How to make the most of your friendly neighbourhood Chinese seafood restaurant

Play with the food!

The smaller ones are called 八带(bā dài); the one bigger one with the really long tentacles is a 马蛸(mÇŽ shāo)。(If you’re in China, you’ll need your VPN to see the video.)
Loctopus1
Loctopus2
When I was I kid, sharks, anglerfish, and octopuses were the coolest things in the ocean. This restaurant has everything but the sharks.
Koctopus2
koctopus1
This isn’t the only place we play with live octopuses, but it is the most convenient. This night we were able to see them change colour and squirt ink at us. Homeschool points +1000!

On the menu in Qingdao: anglerfish

For as far back as I can remember, the coolest things in the ocean have always been octopuses, sharks (of course sharks) and anglerfish.

If you don’t understand why, go google image search anglerfish. I’ll wait.

I’ve seen sharks at the aquarium and handled dogfish on the fishing boat, and we occasionally play with octopuses in our neighbourhood vegetable market. But I’d never seen a real angler fish until last night, when I was picking up take-out at one of our favourite local restaurants. They have a big display of live and nearly-alive seafood that changes every night, depending on what the boss finds at the seaside market. I wasn’t sure what these fish were at first, but the teeth got my attention:
qingdaoanglerfish
Monkfish_dict_entryThe staff told me 安康鱼 ān kāng yú, which my dictionaries don’t have. But between Baidu and Pleco we found it: it’s a monkfish 鮟鱇 ān kāng, which is a kind of anglerfish (notice the real name is nearly the same as our initial search, except with a “fish” radical added to each character: é±¼ + 安 = 鮟 / é±¼ + 康 = 鱇).

Anglerfish! How cool is that? Their… bioluminescent things (I won’t even pretend to know what the actual word is) were plastered down on their heads and don’t show in the photos, but it was easy to lift them up for a look.

A google image search for monkfish turns up what looks like the exact same fish as in the restaurant — a particular kind of very ugly anglerfish.

anglerfish_bioexpedition
Click for the Anglerfish page at Bioexpedition.com.

A google search for anglerfish will give you nightmares.

Fish heads

I remember as a kid being told how there were people on other countries who were so poor they had to eat fish heads and rice. The general point about how good we have it in the West compared to most of the rest of the world is more or less legit, but it never occurred to me then that people in other countries might actually like fish heads.fishheaddish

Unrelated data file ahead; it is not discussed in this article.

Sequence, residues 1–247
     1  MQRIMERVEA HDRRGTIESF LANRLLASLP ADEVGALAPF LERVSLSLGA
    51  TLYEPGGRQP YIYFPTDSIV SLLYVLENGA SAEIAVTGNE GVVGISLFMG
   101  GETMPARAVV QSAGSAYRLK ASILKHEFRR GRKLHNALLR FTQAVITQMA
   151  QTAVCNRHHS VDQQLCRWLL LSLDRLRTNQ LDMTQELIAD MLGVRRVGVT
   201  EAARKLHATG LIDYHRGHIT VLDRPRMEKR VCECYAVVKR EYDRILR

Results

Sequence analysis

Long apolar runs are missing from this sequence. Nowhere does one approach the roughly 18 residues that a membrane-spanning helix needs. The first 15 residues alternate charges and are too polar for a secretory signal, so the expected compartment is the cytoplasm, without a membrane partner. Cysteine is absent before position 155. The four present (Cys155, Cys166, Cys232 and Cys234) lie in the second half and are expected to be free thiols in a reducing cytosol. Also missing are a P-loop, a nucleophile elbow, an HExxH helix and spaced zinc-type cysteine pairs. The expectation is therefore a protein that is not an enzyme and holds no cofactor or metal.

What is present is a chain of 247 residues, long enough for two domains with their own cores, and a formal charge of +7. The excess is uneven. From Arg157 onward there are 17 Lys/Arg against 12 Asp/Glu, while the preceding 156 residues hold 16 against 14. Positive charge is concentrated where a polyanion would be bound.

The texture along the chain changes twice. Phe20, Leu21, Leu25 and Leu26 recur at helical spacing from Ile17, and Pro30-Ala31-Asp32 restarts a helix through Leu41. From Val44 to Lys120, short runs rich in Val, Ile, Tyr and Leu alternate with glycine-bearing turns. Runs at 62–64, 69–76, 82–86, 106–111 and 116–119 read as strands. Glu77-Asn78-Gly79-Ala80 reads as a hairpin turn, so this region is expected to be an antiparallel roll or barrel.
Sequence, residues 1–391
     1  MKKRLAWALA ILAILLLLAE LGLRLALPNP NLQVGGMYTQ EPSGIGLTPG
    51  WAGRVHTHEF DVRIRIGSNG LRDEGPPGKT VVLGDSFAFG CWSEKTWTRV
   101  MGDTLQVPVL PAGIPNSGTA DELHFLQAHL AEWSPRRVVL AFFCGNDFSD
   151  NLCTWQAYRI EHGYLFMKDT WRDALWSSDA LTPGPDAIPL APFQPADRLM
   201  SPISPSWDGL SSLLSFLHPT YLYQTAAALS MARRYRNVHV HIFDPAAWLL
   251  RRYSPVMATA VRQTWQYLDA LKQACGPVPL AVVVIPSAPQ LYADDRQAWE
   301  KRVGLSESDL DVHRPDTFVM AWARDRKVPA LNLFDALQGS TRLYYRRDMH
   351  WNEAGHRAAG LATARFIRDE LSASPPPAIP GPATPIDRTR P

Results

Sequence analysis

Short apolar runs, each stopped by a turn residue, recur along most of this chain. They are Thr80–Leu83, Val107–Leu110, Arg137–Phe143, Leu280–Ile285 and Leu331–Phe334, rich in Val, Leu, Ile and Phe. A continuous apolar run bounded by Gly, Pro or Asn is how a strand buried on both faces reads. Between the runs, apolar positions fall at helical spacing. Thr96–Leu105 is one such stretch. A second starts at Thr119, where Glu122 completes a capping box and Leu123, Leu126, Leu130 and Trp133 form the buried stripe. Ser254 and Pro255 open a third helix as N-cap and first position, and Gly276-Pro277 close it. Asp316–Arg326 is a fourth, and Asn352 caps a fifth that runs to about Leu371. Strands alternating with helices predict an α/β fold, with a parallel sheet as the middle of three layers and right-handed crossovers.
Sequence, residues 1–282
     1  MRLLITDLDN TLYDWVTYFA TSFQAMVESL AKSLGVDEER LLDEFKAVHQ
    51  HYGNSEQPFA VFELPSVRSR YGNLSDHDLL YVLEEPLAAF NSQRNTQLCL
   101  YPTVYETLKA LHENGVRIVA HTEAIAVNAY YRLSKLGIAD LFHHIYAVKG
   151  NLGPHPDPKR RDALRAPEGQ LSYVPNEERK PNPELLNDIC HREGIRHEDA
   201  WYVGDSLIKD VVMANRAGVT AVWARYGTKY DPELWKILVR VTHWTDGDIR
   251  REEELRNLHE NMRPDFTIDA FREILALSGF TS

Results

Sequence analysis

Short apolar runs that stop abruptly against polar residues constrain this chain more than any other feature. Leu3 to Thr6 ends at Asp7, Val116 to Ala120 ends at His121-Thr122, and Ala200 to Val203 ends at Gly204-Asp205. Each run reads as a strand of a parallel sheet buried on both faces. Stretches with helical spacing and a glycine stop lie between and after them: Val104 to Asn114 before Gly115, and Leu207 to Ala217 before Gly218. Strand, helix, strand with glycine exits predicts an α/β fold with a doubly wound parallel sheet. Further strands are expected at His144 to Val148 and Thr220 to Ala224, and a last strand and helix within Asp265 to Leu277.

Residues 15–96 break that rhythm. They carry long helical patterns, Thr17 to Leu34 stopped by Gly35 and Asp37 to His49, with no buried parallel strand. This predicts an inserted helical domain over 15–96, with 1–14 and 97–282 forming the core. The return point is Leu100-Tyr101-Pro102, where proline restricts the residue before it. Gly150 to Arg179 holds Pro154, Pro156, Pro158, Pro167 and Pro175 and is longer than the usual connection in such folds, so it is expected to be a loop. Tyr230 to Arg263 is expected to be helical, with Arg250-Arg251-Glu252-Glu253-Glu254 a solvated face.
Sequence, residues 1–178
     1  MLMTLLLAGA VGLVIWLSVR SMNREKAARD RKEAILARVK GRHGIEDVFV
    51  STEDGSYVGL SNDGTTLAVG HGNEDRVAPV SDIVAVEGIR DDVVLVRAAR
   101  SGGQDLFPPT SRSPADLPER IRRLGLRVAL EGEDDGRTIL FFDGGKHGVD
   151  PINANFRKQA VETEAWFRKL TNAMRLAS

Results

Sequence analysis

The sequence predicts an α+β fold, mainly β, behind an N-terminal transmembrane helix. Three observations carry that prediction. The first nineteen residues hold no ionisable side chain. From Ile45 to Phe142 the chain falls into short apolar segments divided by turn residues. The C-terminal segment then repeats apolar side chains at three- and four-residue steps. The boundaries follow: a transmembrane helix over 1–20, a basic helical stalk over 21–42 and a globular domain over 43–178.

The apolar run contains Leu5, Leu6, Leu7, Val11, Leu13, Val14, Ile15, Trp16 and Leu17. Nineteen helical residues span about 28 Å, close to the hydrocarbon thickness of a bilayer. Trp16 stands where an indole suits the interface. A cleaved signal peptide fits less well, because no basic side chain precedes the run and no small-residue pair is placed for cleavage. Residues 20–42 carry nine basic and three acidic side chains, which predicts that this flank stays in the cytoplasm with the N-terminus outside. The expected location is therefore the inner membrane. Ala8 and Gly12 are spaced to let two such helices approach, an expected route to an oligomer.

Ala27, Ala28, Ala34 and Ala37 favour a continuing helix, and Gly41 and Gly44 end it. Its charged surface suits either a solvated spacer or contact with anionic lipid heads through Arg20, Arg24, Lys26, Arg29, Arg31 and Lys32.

(From one of our neighbourhood restaurants.)

On the live seafood menu: “Fat innkeeper worms” a.k.a….

Urechis unicinctus, a.k.a. exactly what you think of when you see them, are a standard feature of Shandong cuisine. We see these marine spoonworms on display routintely:
spoonwormpenisfish1
Many if not most of Qingdao’s larger restaurants feature a live seafood menu, like this one from lunch the other day.
spoonwormpenisfish2
But if you find that unappetizing, don’t worry. They’re so full of water that after they’re barbecued, they look incredibly similar to earthworms (on-a-stick):
BBQ penis fish on a stick
In Chinese they’re called æµ·è‚ , literally: “sea intestine”.

How loud?

Our group of Chinese preschool employees celebrating Teacher’s Day with dinner at an extravagant Chinese BBQ buffet last weekend was actually told to quiet down by the restaurant staff.

We were too loud for a Chinese restaurant. Too loud. For a Chinese restaurant! This has got to be a first ever. A world record. A major breakthrough in physics. A hole in the space-time continuum. Or something.

ChineseVGermanrestaurant
Comparative noise levels in German and Chinese restaurants, by visual designer and resident of Germany Yang Liu.

I was actually kind of proud.

Drink this for your yang

What, there’s a lineup of huge glass jars of whole snakes, lizards and deer penises soaking in booze on the drink counter? Well what did you expect to find there? This is China; China’s a whole nother version of normal.

Our preschool staff had Teacher’s Day dinner at an extravagant BBQ buffet, which included all-you-can-drink beer and traditional Chinese health tonics:

lizardjiu

Lizards, snakes, various roots, gǒuqǐ berries (枸杞), etc. of various combinations soaked in hard Chinese liquor (白酒):

lizardjiu

These kinds of tonics are not uncommon in Chinese restaurants around here. They’re usually intended to 补阳 (supplement your male qualities).

These things aren’t especially notable within China, and all the ingredients are available at the nearby traditional market (photos!), though this is the first time I’d seen these traditional drinks lined up in a ritzy buffet right next to the Coke and coffee machines. But if we’re talking outside of China… there’s just no end to the stuff around here that would raise a few eyebrows outside of China.

Chinese restaurant irreverently spoofs the Cultural Revolution

Friends picked this restaurant for a meal a while back. They had funny edited posters everywhere, mostly Mao Era propaganda stuff. Here’s a couple:

Restaurant propaganda1
开饭啦!不吃饱哪有力气减肥啊?!
Dinnertime!
If you don’t eat up, how will you have the strength to lose weight?!

Restaurant propaganda2
不是去想吃就吃 就是去想吃就吃的路上
If you’re not going to Eat As You Wish, then you’re going to the Eat As You Wish road